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17.6: Calculating Equilibrium Values

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     The numeric value of the equilibrium constant tells us something about the ratio of the reactants and products in the final equilibrium mixture. Likewise, the magnitude of the equilibrium constant tells us about the actual composition of that mixture.

    In the three equilibrium systems, the first depicts a reaction in which the ratio of products to reactants is very small. Because the expression for the equilibrium constant is given by the pressure (or concentration) of products divided by the pressure (or concentration) of reactants, the equilibrium constant, K, for this system is also small. In the second example, the concentrations of reactants and products are shown to be equal, making the ratio (the equilibrium constant) equal to “1”. In the last example, the products are shown to dominate the equilibrium mixture, making the ratio very large. In these examples, the stoichiometric ratios of the reactants and products are one and there is only one reactant and only one product; if multiple reactants or products are involved, the relationship between their concentrations would be more complex, but that ratio is always given by the expression for K. This fact allows us to take data for an equilibrium reaction and, if K is known, calculate concentrations for reactants and products. Likewise, if all of the equilibrium concentrations are known, we can use these to calculate a value for the equilibrium constant.

    In these types of problems, an ICE table is often useful. This table has entries for Initial concentrations (or pressures), Equilibrium concentrations and any Change between the initial and equilibrium states. For example, consider the reaction between carbon monoxide and chlorine to form phosgene, a deadly compound that was used as a gas warfare agent in World War I.

    CO (g) + Cl2 (g) ⇄ COCl2 (g)

    Example \(\PageIndex{1}\):

    A mixture of CO and Cl2 has initial partial pressures of 0.60 atm for CO and 1.10 atm for Cl2. After the mixture reaches equilibrium, the partial pressure of COCl2 is 0.10 atm. Determine the value of K.


    The initial pressures for carbon monoxide and chlorine are placed in the first row and the equilibrium pressure for phosgene is placed in the last row. Initially, the pressure of phosgene was zero, so that goes in the first row; the change for phosgene is therefore “+ 0.10 atm”.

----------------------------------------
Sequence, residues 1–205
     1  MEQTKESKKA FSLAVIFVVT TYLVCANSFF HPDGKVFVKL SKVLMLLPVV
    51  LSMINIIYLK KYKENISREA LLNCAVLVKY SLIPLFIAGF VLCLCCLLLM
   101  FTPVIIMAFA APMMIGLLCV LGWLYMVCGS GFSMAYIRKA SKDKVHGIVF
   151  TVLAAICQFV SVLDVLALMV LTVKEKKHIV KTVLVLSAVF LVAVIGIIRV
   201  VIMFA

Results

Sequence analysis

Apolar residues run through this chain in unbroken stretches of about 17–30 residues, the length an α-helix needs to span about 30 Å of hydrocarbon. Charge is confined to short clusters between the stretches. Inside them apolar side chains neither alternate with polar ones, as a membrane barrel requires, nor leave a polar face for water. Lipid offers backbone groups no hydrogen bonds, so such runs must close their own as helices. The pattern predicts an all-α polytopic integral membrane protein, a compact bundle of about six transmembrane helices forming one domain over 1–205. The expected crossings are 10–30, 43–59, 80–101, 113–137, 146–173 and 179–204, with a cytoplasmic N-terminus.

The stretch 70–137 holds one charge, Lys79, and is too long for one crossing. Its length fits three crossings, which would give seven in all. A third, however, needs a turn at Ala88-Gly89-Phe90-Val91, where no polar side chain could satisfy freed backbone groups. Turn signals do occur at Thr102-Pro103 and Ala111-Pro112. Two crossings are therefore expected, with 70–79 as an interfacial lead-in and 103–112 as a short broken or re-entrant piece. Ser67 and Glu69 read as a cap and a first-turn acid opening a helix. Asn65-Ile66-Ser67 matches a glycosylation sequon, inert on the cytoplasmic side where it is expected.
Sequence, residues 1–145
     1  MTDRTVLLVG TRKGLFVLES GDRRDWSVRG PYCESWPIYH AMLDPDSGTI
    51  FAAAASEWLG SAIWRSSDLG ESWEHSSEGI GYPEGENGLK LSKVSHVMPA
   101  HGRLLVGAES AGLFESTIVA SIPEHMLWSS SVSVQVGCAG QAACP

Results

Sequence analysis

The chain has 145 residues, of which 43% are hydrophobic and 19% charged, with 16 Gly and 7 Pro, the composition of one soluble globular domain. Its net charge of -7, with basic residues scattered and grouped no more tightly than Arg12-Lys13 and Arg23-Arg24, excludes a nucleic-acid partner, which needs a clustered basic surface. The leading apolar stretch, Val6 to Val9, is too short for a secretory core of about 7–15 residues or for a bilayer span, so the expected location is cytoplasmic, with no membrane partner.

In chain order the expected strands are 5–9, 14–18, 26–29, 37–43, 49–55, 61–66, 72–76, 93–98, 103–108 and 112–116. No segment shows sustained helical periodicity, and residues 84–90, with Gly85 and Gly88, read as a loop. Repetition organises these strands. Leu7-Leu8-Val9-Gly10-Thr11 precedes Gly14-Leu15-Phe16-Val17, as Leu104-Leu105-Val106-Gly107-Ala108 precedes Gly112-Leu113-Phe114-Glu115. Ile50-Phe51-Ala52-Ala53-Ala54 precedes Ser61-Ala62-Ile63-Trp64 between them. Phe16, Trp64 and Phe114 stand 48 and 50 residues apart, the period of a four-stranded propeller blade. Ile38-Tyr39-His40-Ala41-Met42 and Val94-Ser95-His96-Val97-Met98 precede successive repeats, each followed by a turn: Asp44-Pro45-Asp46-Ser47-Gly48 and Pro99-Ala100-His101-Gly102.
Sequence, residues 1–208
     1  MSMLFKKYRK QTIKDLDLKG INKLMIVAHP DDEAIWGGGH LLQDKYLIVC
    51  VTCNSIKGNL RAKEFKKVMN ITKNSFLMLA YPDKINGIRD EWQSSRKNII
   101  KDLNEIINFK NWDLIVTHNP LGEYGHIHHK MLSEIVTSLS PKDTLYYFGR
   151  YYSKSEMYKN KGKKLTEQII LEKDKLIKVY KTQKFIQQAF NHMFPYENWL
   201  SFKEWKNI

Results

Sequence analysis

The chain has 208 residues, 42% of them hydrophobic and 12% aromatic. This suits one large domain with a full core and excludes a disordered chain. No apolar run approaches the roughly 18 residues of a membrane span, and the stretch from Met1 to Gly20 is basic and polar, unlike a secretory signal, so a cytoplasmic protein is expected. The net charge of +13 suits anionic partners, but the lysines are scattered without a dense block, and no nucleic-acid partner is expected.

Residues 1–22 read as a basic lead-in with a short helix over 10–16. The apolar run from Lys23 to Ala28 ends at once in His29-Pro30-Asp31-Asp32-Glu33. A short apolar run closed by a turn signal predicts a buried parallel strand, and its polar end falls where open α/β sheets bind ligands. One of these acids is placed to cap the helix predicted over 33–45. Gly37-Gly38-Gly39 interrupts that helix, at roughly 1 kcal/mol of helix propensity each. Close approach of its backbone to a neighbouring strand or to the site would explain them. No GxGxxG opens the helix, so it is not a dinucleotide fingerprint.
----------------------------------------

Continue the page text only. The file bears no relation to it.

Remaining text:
Solutions to Example 10.3.1
    === Initial === 0.60 atm 1.10 atm 0 atm

        + 0.10 atm


        0.10 atm

    Because one mole of CO is required to make one mole of COCl2 the partial pressure of CO must have dropped by 0.10 atm (the Change) in order to make COCl2 with a partial pressure of 0.10 atm, giving a final (Equilibrium) pressure of 0.50 atm for carbon monoxide. Likewise, one mole of chlorine is required to make one mole of COCl2 making the Change for chlorine 0.10 atm and the Equilibrium partial pressure 1.00 atm. The completed table is shown below:

    Solutions to Example 10.3.1
    === Initial === 0.60 atm 1.10 atm 0 atm
    -0.10 atm -0.10 atm + 0.10 atm
    0.50 atm 1.00 atm 0.10 atm

    The equilibrium expression for the phosgene-forming reaction is given by the following equation:

    \[\frac{P_{COCl_{2}}}{P_{CO}P_{Cl_{2}}}=K \nonumber \]

    Substituting the values from the Table into this equation:

    \[\frac{P_{COCl_{2}}}{P_{CO}P_{Cl_{2}}}=\frac{(0.10)}{(0.50)(1.00)}=0.20 \nonumber \]

    Notice that equilibrium constants for gas phase reactions are not typically written with units, although units are sometimes used in equilibrium constants calculated from molar concentrations. Many textbooks differentiate between equilibrium constants calculated from partial pressures and molar concentrations by affixing subscripts; KP and Kc. In this book, we will simply use K and Kc to represent the two; a value for K will always denote a constant calculated from partial pressure data.

    Exercise \(\PageIndex{1}\)

    1. For the reaction shown below, all four gasses are introduced into a vessel, each with an initial partial pressure of 0.500 atm, and allowed to come to equilibrium; at equilibrium, the partial pressure of SO3 is found to be 0.750 atm. Determine the value of K.

    SO2 (g) + NO2 (g) ⇄ SO3 (g) + NO (g)

    1. For the reaction shown above, the initial partial pressures of SO3 and NO are 0.500 atm under conditions where the equilibrium constant is, K = 9.00. The equilibrium partial pressure for SO2 is found to be 0.125 atm. Calculate the equilibrium partial pressure for SO3.

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